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Chuck Schumer Says He Plans to Keep Promise to Manchin, but Is That Enough?

Screenshot via C-SPAN

Sen. Joe Manchin (D-WV) seemed pretty confident on Tuesday that his agreement with Senate Majority Leader Chuck Schumer (D-NY) would make its way into the continuing resolution (CR). In return for Manchin having signed on to support the misnamed "Inflation Reduction Act," Schumer promised he'd get permitting reform, which includes pipelines. While Schumer has appeared to double down on keeping that promise, it may not be enough.


On Thursday morning The Hill published a piece highlighting how "Schumer in tough spot over Manchin promise." As has been covered in recent weeks, some fellow Democratic lawmakers are opposed to the plan, including Sen. Tom Carper (D-DE), who chairs the Senate Environment and Public Works Committee, as well as Rep. Raúl Grijalva (D-AZ), who chairs the House Natural Resources Committee and Rep. Jared Huffman (D-CA).

This most recent report also mentions how 650 environmental groups have written a letter to House Speaker Nancy Pelosi (D-CA), who was also part of the negotiations with Manchin, expressing their displeasure.

And here's the kicker, with added emphasis:

Schumer made clear Wednesday that he doesn’t plan to backtrack on his promise.

“Permitting reform is part of the IRA and we will get it done,” Schumer said Wednesday. “Our intention is to add it to the CR.”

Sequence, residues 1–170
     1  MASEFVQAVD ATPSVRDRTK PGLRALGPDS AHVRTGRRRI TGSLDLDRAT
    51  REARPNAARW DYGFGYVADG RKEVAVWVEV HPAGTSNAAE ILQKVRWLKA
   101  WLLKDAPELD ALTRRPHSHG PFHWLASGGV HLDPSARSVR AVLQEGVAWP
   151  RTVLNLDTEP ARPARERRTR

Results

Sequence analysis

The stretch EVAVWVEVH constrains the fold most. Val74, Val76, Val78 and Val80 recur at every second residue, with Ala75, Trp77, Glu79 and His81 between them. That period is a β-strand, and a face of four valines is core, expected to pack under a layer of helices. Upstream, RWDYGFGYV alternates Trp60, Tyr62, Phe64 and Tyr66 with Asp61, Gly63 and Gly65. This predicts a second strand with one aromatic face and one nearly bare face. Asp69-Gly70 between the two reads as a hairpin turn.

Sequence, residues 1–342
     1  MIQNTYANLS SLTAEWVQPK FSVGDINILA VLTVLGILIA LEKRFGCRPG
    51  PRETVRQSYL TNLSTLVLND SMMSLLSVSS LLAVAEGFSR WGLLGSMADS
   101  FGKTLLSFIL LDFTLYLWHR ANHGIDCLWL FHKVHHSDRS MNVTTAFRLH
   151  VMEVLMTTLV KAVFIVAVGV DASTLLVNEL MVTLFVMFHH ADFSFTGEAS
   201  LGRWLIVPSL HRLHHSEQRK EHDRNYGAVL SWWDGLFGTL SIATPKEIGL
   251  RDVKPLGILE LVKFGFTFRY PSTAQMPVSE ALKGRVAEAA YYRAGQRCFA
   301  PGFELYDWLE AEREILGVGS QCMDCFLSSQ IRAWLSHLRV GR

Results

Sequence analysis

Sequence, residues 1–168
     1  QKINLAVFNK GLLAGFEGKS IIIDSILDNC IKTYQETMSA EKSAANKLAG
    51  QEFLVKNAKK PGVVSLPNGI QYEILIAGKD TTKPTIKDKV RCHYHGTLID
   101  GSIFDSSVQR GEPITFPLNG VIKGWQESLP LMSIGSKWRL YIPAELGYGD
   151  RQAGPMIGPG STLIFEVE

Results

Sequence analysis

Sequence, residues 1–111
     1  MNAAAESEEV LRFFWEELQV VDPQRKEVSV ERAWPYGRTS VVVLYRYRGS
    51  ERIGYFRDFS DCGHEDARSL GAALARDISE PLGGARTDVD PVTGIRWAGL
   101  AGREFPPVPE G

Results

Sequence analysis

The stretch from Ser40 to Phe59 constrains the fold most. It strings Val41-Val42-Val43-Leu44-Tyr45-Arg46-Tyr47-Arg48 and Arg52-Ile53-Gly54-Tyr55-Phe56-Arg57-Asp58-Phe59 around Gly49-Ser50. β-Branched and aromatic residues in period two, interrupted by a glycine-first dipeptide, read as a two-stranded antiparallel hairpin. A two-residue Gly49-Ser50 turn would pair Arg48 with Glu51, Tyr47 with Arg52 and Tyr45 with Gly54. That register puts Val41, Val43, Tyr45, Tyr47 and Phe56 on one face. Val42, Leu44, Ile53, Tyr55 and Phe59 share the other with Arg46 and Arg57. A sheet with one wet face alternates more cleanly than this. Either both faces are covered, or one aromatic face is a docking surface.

But that plan is running into opposition from progressive House Democrats and outside environmental groups. There’s also a chance that several Senate Democrats may balk at the deal with Manchin, now that they no longer need his vote to pass a budget reconciliation bill. 

Even those fellow Democrats not necessarily opposed are still confused by it, which includes Sen. Sheldon Whitehouse (D-RI). "'Are we helping to solve the climate problem?' is the question," he's quoted as saying. "I don’t even know what the permitting reform is."


Republicans aren't too thrilled either, with some saying it doesn't go far enough. Sen. Lindsey Graham (R-SC) is also mentioned for opposing it, as he sees it as part of a "political payback scheme."

While Sen. John Cornyn (R-TX) said he'll "certainly keep an open mind," he also would be "surprised" if Manchin "gets what was promised."

In that case, again, the point about Manchin no longer being needed, with his fellow Democrats having effectively screwed him over, becomes increasingly relevant.

There was also some chatter about tying this to legislation to codify same-sex marriage, which the House passed in July in reaction to a solo concurring opinion from Justice Clarence Thomas in the Dobbs v. Jackson case. Schumer prefers for them to be separate, though. 

CNN's Manu Raju also tweeted on Thursday morning that that bill "will happen on the Senate floor in the coming weeks," and it's merely a "goal" for it to take place before the upcoming November midterms. 


The CR must pass by September 30 in order to avoid a government shutdown. Punchbowl News' John Bresnahan tweeted on Tuesday that Manchin may release his bill "as soon as this week."

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